Over the weekend, Greenpeace released a report that ranked personal and handheld computer makers “on their use of toxic chemicals and electronic waste” and the companies’ decisions to actively recycle their products in a safe manner.
The list was published to highlight the elevated levels of toxic “e-waste” being introduced to the environment, according to the organization. The hope is that this initial scorecard, and its follow-ups, will spur companies to focus on their failings.
If the scorecard is accurate, there are many shortfalls to overcome.
No computer maker ranked above a 7 on a scale of 0 to 10. Nokia and Dell were given 7s – still “barely acceptable” marks, for their separate decisions to both reduce the amount of toxic chemicals used in their respective systems and lay out a timeline for continued reductions. And three major manufacturers – Motorola, Lenovo, and Apple – drew “failing” grades.
Apple ranked 11 out of 15 and drew direct criticism from Greenpeace on its main page:
“It is disappointing to see Apple ranking so low in the overall guide. They are meant to be world leaders in design and marketing, they should also be world leaders in environmental innovation,” said [Iza] Kruszewska, [Greenpeace International toxics campaigner].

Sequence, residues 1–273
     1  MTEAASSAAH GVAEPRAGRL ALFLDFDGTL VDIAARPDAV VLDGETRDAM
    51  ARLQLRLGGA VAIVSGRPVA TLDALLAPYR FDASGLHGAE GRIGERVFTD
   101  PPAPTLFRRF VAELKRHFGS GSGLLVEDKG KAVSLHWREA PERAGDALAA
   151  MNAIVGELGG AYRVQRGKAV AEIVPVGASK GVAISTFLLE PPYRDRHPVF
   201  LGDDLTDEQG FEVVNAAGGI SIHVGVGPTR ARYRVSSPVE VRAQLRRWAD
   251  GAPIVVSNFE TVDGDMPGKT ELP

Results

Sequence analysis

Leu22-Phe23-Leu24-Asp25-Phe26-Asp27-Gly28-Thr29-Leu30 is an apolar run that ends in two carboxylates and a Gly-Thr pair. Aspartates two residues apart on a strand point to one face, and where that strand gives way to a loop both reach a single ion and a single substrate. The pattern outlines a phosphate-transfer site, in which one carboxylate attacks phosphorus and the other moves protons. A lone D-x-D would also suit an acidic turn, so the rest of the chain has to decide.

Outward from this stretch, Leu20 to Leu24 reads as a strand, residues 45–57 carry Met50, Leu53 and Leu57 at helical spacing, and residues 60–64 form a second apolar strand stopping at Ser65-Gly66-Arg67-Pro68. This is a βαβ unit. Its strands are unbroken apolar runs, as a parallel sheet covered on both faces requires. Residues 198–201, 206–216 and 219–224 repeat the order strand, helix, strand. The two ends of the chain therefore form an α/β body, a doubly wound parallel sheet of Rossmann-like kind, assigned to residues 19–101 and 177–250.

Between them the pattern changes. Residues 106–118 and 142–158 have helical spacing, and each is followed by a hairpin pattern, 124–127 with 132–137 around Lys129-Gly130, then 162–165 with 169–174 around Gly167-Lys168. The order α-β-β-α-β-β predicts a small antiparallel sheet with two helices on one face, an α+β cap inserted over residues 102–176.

The activist organization took Apple to task, claiming the company does nothing to reduce toxic chemicals in its products and has shown little interest in recycling. The report says Apple “…fails to embrace the precautionary principle, withholds its full list of regulated substances, and provides no timelines for eliminating toxic polyvinyl chloride (PVC) and brominated flame retardants (BFRs).”
Motorola, which shared the distinction of the lowest ranking with Lenovo, also received harsh criticism in the reports, which says, “although Motorola scores points for its chemicals management system, it recently backtracked on its commitment to eliminate polyvinyl chloride (PVC) and brominated flame retardants (BFRs).”
Its likely that companies won’t take kindly to these rankings – particularly when Greenpeace targets some of them, such as it did with a fact sheet titled “Motorola hangs up on toxic clean up promise”.